Correlates of Depression at Baseline Among African Americans Enrolled in Cardiac Rehabilitation


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Abstract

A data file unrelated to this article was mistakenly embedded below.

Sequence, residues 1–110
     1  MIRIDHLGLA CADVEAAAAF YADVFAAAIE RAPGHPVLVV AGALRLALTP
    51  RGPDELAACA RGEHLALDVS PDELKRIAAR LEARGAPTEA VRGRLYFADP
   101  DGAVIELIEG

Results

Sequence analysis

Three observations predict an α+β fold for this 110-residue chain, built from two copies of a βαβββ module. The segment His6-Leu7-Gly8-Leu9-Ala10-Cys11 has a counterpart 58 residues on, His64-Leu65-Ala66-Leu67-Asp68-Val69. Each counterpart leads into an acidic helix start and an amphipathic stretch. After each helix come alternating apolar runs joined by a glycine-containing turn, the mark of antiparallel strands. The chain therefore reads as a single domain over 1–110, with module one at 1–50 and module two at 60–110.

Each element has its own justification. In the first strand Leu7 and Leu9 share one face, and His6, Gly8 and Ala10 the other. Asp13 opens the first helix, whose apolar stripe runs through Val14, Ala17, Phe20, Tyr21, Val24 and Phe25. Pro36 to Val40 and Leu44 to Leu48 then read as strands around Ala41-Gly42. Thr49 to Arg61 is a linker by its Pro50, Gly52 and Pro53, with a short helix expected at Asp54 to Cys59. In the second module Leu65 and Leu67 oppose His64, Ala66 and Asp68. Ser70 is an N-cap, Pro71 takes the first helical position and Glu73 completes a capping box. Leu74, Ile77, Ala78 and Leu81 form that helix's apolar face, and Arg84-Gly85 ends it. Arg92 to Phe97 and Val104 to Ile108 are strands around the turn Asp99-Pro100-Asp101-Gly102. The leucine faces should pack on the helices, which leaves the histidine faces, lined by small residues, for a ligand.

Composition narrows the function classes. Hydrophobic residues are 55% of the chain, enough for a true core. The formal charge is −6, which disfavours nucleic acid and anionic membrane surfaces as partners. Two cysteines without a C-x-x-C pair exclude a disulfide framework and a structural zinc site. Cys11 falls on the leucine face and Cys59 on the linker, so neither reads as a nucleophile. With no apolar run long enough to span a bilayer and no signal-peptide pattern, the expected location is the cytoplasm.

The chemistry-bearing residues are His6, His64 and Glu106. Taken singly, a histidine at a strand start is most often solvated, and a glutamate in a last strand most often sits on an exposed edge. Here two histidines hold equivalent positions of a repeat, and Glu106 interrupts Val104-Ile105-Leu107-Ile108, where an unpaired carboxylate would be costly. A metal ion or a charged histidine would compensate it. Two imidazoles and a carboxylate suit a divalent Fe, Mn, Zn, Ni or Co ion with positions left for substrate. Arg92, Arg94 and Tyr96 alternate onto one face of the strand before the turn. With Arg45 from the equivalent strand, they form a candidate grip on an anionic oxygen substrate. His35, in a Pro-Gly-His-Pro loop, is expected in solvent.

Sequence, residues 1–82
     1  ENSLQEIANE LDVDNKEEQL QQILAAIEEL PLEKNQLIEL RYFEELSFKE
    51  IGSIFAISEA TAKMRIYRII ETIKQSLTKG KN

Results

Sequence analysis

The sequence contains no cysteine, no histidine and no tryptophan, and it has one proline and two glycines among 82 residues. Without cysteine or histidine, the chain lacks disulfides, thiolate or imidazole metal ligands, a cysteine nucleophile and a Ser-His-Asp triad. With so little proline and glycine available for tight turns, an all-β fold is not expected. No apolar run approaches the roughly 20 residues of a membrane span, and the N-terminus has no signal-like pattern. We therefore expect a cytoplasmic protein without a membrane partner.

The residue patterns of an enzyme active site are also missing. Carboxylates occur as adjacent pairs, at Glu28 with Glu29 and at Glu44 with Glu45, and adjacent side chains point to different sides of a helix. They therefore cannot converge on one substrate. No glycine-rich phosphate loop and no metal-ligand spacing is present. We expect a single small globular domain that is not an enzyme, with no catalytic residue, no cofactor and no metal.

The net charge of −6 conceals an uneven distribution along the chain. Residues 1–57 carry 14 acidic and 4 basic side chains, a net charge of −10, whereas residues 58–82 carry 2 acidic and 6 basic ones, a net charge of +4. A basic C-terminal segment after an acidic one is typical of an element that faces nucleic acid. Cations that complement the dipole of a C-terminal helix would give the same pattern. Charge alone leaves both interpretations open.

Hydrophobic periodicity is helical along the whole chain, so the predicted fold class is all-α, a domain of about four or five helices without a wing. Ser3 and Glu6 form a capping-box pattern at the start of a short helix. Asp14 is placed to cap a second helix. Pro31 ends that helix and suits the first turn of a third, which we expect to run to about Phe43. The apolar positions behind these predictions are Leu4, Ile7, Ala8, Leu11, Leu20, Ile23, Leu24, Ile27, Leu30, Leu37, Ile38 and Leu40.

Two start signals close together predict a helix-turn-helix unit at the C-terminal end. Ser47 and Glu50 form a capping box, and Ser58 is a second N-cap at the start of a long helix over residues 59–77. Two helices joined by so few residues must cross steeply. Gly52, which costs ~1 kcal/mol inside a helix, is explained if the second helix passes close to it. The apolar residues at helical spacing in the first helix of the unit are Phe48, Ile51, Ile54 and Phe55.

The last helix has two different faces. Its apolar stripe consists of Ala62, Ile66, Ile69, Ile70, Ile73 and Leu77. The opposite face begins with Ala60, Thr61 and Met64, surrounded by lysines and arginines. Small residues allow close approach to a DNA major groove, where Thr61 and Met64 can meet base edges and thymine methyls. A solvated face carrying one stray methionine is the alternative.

PURPOSETo compare baseline psychosocial characteristics of African Americans entering phase 2 cardiac rehabilitation who have depression symptoms at or above threshold (Center for Epidemiological Studies Depression Scale [CES-D] score ≥16) with those who do not (CES-D score <16).METHODSA nonrandom sample of 112 men and women (n = 78 without depression, n = 34 with depression) was recruited through local phase 2 cardiac rehabilitation programs. Data were obtained by a structured interview and brief physical examination using several reliable and valid instruments. Chi-square tests, Kruskal-Wallis 2-sample tests, Spearman rank correlation coefficients, and logistic regression models were used for analyses.RESULTSWe found that 30% of the participants were above the depression symptom threshold. Demographic characteristics were not significantly different between individuals at or above threshold and those below threshold. However, depressed individuals above threshold were more likely to be dissatisfied with their neighborhoods (P = .01) and had lower optimism scores (P < .0001), higher stress scores (P < .0001), lower adaptive coping scores (P = .05), and higher problematic coping scores (P < .01) than their counterparts who were below threshold. In the logistic regression model, the odds of being above the depression symptom threshold increased with stress (P < .001) and decreased with optimism (P = .03); none of the other psychosocial characteristics had an independent effect on depression symptoms.CONCLUSIONSAt baseline, African Americans starting phase 2 cardiac rehabilitation with depression symptoms at or above threshold had more stress and fewer stress resilience factors. Assessing depression and stress resilience factors is important and may lead to more active participation in cardiac rehabilitation once enrolled, as well as optimal cardiovascular health outcomes.

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